Born in Menstone, England, on November 12, 1914, Peter Whitehead began participating in some Formula 1 races since 1950. Whitehead is the first driver to whom Enzo Ferrari sells his car, so much so that his participation in the Grand Prix will take place privately. In his first season, Peter takes part in three events, the first of which is in Monte Carlo, where he fails to reach the finish line.
He later reappears in France, a stage that gives him his first and only podium, to then compete also in the following weekend, in Monza, where, however, he will not go beyond the seventh final position. The following year he competes on four occasions. On the first occasion, Peter is only thirteenth in Switzerland, after which he returns to racing in France. Here, Whitehead will not be able to repeat the result of the previous year, which had seen him on the podium, but will even be forced to retire, making his second appearance on this circuit very bitter. Later, he will get a ninth place in England, still off the points, only to be forced to retire at Monza again. His only joy in 1951 will be the victory of the 24 Hours of Le Mans on Jaguar.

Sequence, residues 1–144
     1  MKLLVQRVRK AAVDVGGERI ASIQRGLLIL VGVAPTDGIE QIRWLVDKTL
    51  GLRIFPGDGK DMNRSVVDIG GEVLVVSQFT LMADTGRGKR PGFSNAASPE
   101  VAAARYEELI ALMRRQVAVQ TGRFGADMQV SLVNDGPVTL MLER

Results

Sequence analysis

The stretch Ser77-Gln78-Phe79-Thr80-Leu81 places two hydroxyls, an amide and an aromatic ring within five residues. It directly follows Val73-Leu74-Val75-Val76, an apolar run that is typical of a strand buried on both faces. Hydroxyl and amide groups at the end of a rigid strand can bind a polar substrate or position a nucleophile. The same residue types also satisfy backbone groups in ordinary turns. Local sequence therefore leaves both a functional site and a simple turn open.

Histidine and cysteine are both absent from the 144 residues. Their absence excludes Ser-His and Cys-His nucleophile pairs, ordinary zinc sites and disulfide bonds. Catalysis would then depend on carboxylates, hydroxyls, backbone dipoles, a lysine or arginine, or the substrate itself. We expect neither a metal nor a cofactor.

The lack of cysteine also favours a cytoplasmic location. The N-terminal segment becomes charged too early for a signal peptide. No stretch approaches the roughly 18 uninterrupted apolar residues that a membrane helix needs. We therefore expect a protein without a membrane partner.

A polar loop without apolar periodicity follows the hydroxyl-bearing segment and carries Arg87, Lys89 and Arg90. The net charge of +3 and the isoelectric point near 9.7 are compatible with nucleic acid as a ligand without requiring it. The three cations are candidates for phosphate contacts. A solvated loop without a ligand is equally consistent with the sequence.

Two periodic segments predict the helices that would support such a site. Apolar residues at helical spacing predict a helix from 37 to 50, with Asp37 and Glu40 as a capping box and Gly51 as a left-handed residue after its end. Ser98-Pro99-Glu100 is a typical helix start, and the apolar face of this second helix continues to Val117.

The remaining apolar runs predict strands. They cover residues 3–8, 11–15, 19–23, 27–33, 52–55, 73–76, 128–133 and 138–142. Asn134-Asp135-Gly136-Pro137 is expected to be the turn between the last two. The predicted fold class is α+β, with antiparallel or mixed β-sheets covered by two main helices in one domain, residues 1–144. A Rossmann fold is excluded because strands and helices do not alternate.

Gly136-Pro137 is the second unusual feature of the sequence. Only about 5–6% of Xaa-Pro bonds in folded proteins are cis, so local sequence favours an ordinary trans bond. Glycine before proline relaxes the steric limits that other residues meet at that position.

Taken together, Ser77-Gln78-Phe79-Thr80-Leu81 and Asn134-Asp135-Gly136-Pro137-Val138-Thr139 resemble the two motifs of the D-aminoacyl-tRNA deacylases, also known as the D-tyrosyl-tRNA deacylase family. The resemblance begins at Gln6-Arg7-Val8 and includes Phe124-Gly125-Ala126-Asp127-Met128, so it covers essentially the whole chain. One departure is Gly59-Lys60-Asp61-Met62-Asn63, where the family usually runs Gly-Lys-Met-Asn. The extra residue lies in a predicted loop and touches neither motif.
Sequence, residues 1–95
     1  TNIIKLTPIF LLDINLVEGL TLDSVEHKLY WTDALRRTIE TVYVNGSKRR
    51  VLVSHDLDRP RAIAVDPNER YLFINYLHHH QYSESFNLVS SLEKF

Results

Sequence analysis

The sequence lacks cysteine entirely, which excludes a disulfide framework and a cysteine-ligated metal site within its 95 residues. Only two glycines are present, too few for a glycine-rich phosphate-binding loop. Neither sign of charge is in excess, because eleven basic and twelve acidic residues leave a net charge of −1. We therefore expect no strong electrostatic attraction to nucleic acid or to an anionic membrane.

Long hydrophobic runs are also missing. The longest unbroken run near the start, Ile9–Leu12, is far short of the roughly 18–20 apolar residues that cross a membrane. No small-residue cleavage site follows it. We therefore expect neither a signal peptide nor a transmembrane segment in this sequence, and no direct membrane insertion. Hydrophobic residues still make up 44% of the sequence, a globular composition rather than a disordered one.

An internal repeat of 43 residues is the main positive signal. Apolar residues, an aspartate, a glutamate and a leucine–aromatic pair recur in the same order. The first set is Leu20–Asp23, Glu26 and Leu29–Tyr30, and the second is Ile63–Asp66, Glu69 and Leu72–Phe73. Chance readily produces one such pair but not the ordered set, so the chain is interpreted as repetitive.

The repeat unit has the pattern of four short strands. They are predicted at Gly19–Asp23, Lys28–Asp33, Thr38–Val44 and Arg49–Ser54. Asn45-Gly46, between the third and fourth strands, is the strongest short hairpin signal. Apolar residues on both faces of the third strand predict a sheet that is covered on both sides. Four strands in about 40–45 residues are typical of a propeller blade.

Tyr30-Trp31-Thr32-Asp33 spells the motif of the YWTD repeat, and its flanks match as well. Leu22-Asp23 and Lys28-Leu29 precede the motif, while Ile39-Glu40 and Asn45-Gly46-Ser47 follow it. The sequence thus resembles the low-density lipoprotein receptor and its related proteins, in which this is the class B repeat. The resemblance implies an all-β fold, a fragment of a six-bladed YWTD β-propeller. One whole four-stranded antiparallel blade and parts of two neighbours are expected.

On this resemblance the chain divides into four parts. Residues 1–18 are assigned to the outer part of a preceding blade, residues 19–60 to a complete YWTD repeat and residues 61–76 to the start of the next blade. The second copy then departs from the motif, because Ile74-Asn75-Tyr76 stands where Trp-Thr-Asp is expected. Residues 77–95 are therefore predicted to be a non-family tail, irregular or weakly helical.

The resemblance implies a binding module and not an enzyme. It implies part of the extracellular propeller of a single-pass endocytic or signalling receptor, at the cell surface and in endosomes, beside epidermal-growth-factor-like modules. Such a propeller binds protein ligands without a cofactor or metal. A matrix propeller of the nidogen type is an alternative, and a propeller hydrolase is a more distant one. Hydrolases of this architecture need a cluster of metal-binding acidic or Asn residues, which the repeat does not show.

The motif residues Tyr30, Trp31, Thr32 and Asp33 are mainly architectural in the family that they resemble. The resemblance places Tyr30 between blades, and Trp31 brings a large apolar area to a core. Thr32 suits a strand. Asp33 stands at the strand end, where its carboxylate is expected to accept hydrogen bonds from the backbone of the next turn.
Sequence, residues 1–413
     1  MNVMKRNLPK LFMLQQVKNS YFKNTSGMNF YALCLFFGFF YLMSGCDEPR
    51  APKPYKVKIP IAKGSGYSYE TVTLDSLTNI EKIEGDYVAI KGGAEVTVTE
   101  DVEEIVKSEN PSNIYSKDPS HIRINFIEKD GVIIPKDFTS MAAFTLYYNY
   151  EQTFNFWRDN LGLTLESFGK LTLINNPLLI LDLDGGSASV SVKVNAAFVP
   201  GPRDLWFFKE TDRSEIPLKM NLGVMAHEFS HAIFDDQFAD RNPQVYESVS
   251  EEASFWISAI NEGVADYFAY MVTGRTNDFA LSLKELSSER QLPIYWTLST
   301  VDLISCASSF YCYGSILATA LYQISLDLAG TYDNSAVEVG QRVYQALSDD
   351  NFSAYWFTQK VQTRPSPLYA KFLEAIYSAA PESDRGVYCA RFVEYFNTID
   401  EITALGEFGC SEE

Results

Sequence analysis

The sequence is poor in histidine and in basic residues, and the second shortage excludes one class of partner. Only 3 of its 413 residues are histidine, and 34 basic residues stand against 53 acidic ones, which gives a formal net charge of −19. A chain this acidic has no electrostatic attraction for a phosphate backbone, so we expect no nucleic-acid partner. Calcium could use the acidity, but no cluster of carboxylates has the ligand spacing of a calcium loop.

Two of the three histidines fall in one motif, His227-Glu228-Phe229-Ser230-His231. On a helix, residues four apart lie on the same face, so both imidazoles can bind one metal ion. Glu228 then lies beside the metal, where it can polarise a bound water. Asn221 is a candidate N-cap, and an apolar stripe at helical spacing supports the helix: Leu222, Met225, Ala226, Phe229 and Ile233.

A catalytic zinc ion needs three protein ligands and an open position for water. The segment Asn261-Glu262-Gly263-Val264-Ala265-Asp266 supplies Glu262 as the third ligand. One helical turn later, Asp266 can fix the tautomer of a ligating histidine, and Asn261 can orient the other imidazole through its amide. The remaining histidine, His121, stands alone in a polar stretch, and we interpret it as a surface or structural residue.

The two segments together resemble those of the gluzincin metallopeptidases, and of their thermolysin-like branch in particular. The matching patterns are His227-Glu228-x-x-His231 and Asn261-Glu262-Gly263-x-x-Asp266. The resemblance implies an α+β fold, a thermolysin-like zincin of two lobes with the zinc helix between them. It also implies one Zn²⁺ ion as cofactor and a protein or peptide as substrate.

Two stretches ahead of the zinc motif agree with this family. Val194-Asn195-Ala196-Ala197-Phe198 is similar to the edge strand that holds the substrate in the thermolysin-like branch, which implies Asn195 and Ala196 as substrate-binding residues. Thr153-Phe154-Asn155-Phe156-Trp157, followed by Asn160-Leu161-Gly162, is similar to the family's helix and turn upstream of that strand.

In 1952 he will start again from France, where he will race exceptionally with an Alta F2, reconfirming the result obtained in the previous season, then he will also run the British Grand Prix again, where however he will not go beyond the tenth final position. In the last round of the season, in Italy, he will not even be able to qualify. Given the unsatisfactory results, Peter Whitehead will leave Ferrari without having obtained any victory or pole position, to marry the Cooper T24 from 1953. He disappeared on September 21, 1958, while competing in the Tour de France automobile.